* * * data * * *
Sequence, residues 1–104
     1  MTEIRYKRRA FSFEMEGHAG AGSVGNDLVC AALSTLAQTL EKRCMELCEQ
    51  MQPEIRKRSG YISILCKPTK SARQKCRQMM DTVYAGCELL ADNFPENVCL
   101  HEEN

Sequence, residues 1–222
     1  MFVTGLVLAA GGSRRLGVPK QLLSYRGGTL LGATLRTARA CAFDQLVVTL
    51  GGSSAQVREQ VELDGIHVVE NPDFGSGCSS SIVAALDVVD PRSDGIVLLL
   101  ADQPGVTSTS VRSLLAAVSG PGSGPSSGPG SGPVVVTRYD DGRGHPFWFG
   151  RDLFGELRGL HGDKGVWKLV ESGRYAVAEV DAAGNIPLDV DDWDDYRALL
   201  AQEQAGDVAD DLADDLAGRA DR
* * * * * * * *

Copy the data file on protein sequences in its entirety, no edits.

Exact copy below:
Sequence, residues 1–104
     1  MTEIRYKRRA FSFEMEGHAG AGSVGNDLVC AALSTLAQTL EKRCMELCEQ
    51  MQPEIRKRSG YISILCKPTK SARQKCRQMM DTVYAGCELL ADNFPENVCL
   101  HEEN

Sequence, residues 1–222
     1  MFVTGLVLAA GGSRRLGVPK QLLSYRGGTL LGATLRTARA CAFDQLVVTL
    51  GGSSAQVREQ VELDGIHVVE NPDFGSGCSS SIVAALDVVD PRSDGIVLLL
   101  ADQPGVTSTS VRSLLAAVSG PGSGPSSGPG SGPVVVTRYD DGRGHPFWFG
   151  RDLFGELRGL HGDKGVWKLV ESGRYAVAEV DAAGNIPLDV DDWDDYRALL
   201  AQEQAGDVAD DLADDLAGRA DR